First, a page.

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Database of Abstracts of Reviews of Effects (DARE): Quality-assessed Reviews [Internet]. York (UK): Centre for Reviews and Dissemination (UK); 1995-.

Database of Abstracts of Reviews of Effects (DARE): Quality-assessed Reviews [Internet].

A meta-analysis of single case research studies on aided augmentative and alternative communication systems with individuals with autism spectrum disorders

Review published: 2012.

Bibliographic details: Ganz JB, Earles-Vollrath TL, Heath AK, Parker RI, Rispoli MJ, Duran JB.  A meta-analysis of single case research studies on aided augmentative and alternative communication systems with individuals with autism spectrum disorders. Journal of Autism and Developmental Disorders 2012; 42(1): 60-74. [PubMed: 21380612]

Abstract

Many individuals with autism cannot speak or cannot speak intelligibly. A variety of aided augmentative and alternative communication (AAC) approaches have been investigated. Most of the research on these approaches has been single-case research, with small numbers of participants. The purpose of this investigation was to meta-analyze the single case research on the use of aided AAC with individuals with autism spectrum disorders (ASD). Twenty-four single-case studies were analyzed via an effect size measure, the Improvement Rate Difference (IRD). Three research questions were investigated concerning the overall impact of AAC interventions on targeted behavioral outcomes, effects of AAC interventions on individual targeted behavioral outcomes, and effects of three types of AAC interventions. Results indicated that, overall, aided AAC interventions had large effects on targeted behavioral outcomes in individuals with ASD. AAC interventions had positive effects on all of the targeted behavioral outcome; however, effects were greater for communication skills than other categories of skills. Effects of the Picture Exchange Communication System and speech-generating devices were larger than those for other picture-based systems, though picture-based systems did have small effects.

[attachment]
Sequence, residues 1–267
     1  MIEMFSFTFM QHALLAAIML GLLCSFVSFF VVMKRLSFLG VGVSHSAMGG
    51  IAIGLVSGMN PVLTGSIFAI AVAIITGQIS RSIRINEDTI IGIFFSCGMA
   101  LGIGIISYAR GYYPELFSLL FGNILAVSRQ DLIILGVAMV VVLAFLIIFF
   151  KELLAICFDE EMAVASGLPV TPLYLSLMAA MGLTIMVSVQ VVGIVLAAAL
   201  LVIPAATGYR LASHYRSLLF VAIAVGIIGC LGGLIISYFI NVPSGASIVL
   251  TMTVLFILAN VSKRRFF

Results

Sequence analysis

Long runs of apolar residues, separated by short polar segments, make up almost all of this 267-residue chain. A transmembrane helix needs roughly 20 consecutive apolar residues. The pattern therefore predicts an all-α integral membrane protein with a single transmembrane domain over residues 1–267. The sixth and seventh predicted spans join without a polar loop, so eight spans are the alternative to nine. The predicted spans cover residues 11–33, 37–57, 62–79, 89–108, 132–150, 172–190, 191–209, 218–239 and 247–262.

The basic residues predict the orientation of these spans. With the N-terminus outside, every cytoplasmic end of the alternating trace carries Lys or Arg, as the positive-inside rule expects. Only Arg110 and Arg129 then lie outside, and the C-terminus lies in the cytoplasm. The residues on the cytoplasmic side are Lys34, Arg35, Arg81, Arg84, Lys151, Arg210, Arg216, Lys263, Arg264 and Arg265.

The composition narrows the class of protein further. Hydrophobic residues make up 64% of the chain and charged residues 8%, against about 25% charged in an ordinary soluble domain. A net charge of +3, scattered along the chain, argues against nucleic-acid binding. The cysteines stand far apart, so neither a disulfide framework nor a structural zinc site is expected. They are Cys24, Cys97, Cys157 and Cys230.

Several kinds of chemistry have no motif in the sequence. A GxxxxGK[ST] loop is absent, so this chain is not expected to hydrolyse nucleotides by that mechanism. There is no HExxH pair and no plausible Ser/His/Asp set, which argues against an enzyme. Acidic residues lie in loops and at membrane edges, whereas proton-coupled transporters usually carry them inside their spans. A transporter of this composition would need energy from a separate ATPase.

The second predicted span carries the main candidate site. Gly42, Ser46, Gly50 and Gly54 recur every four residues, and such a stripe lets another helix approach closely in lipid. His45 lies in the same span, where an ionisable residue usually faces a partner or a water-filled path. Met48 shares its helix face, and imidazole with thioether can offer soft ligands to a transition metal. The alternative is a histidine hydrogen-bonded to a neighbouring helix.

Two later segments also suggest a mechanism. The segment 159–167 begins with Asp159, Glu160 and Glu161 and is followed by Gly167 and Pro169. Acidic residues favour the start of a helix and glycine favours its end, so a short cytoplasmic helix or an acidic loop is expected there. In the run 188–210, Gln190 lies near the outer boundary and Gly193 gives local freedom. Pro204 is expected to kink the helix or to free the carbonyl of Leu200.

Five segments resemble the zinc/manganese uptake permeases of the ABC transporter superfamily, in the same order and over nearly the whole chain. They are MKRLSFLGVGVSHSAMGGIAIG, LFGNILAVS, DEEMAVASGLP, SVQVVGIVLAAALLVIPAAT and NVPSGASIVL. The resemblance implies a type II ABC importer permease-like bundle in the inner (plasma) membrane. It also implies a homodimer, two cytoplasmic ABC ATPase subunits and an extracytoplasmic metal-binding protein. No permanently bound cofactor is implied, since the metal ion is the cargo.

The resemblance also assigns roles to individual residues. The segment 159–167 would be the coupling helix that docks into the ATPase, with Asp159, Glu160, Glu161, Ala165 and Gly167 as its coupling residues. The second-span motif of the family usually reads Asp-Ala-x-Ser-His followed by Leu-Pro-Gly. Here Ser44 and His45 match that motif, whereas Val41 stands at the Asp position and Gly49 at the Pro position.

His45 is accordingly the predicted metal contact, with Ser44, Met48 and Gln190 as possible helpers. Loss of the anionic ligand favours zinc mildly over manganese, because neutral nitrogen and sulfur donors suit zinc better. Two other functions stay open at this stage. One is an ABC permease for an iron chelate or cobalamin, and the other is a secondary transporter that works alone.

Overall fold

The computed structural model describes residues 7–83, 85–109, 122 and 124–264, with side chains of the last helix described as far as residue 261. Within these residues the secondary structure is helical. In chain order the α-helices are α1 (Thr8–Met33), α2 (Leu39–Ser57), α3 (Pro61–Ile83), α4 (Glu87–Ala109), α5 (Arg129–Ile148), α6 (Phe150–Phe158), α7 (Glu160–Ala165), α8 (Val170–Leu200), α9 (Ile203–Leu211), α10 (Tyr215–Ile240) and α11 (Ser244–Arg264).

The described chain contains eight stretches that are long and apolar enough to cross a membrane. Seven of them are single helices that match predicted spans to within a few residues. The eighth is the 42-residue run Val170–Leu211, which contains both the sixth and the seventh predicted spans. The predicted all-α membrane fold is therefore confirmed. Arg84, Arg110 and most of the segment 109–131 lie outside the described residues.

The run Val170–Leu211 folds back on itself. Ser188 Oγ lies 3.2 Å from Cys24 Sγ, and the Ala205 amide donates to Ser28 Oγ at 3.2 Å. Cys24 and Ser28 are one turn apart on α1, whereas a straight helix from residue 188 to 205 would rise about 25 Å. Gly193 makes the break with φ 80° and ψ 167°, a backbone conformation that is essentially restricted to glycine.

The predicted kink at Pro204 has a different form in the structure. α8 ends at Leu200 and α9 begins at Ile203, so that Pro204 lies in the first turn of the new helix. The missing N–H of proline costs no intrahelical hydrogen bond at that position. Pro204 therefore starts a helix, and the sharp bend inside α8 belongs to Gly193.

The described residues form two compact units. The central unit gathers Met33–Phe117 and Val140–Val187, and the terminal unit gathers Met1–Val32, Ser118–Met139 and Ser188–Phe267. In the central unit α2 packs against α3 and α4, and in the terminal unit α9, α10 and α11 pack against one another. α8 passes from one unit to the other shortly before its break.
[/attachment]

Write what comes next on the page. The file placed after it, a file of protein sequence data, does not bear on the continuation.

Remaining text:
CRD has determined that this article meets the DARE scientific quality criteria for a systematic review.

Copyright © 2014 University of York.

PMID: 21380612

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